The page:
Washington Navy Yard: Security clearance given to Aaron Alexis despite recent history of mental illness

The U.S. navy is facing searching questions after it emerged that the gunman who killed 12 people in the Washington Navy Yard was given a security clearance despite a recent history of mental illness and arrests for firing guns in anger.

As police finished formally identifying the victims of Monday’s shootings, U.S. officials said that as recently as last month Alexis had been treated in a veterans’ hospital after hearing voices in his head.

Police reports also showed that Alexis had spent time in jail for disorderly conduct in 2008 and twice been arrested for shooting a gun in a moment of rage – in one incident sending a bullet through the ceiling of his flat in Texas after a row with a noisy neighbour. “How could a man with that kind of a background end up getting the necessary security clearance for a military contractor to go into this navy yard?” Dick Durbin, a senior Democrat demanded to know on the floor of the Senate.

The FBI confirmed that Alexis, who was working as an IT contractor upgrading computers for the Marine Corps, was able to use a legitimate work pass to drive into the Washington Navy Yard, one of the U.S. navy’s five main command centres, and had acted alone.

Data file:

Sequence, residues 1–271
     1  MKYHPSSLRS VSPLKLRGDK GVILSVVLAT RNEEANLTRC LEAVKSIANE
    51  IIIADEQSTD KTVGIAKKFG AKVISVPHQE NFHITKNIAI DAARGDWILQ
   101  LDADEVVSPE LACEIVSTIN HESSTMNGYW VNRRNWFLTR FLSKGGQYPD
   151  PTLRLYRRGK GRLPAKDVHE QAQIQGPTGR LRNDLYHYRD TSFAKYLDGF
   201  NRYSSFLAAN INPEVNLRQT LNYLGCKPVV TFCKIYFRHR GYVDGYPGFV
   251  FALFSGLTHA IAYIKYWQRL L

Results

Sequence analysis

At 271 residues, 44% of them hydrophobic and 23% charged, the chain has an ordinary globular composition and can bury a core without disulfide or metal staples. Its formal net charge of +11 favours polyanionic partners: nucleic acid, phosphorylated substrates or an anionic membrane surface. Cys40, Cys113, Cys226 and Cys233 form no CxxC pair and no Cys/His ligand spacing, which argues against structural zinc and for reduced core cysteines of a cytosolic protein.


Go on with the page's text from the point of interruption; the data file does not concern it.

The U.S. navy announced a worldwide review of security at its bases yesterday. The FBI also confirmed that Alexis began shooting just after 8.20am armed only with a shotgun that he reportedly purchased legally in the neighbouring state of Virginia last week.

Widespread reports from witnesses that Alexis had been armed with an AR-15, the same semi-automatic rifle used in the Newtown massacre, were dismissed by the FBI, which said it had “no information” that he was armed with the controversial weapon. It added that Alexis may have picked up a Glock handgun from the scene after he began shooting. Providing further details of the gun battle that ensued, police said that five “active shooter” units armed with AR-15 rifles had been on the scene within two minutes, and were outside the doors to building 197 inside the Navy Yard within seven minutes.

There were “multiple engagements” between Alexis and the police, added Cathy Lanier, the chief of Washington, D.C., police. She said she was unsure how long it took until the final shots were fired but added: “I would say it’s more than a half an hour from start to finish.” It also emerged that Alexis had been cited for misconduct eight times during his four year-career as a navy reservist, including one incident where he hurled obscenities after being thrown out of a nightclub.

 

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